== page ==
Turkeys also make a kind of drumming sound that comes from their body area. Personally, I think it sounds like some kind of hydraulic or compression system at work.
There's not a lot of information about how or why turkey toms do these things. But, from watching my turkey Woodford, he seems to do it more often around a large crowd of admirers or when he's been strutting for a long time.
As best as I can tell, spitting clears his nostrils and moves his snood for a second so he can draw in a big breath. He also opens his mouth at the same time.
The drumming seems to be like drawing in a power boost so he can maintain his flexed feather position. It causes a ripple through his whole body and he often shuffles his steps. Then, his body and his feathers also appear more erect. He often tilts his tail fan more often after spitting and drumming.
Some people say turkeys spit and drum even when not strutting. Personally I have never seen my turkey do either when he's not strutting. I have also never heard a female turkey drum.
Just like chickens, turkeys have an annual molt. And thank goodness they do! By the end of the mating season, between dragging the wing feathers to strut and fight, male turkeys can look quite a bit worse for wear.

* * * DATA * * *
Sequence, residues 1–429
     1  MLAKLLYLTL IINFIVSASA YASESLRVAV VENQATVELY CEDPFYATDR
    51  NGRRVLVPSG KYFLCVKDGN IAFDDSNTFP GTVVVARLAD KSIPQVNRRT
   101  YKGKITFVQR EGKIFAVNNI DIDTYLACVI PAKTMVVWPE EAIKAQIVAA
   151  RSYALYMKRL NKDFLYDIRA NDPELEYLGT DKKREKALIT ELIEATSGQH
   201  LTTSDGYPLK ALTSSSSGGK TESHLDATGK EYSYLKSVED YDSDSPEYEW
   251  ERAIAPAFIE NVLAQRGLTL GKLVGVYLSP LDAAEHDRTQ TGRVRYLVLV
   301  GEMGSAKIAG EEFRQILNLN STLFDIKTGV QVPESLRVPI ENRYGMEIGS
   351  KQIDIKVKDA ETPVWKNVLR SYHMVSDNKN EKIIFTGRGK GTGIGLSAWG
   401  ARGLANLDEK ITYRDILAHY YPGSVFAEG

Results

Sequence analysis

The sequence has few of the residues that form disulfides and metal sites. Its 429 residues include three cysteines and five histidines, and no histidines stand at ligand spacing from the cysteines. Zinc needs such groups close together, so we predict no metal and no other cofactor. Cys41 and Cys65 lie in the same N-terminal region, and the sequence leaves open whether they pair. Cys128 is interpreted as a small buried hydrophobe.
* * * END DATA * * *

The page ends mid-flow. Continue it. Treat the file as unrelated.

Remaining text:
Female turkeys also often get a bit beat up by the mating process and need a new set of feathers before winter.
Two More Tom Traits
Toms have two more traits that you generally don't see in female turkeys.
Toms gobble. A lot!
They gobble ( a loud, rapid gurgling sound) to call their flock mates. They gobble in response to high-pitched sounds. They gobble to alert others of danger.
They gobble if you gobble. This can provide endless entertainment on the homestead if you like to gobble!
Toms also do the turkey equivalent of a sumo wrestler belly bump. The only difference is they use their puffed up chests instead. It's pretty magnificent to watch.
So, there you have it. All the things you need to know about turkey anatomy and then some!
Now when you hear someone compliment their turkey on having such a long, beautiful snood, you won't have to look at them quizzically!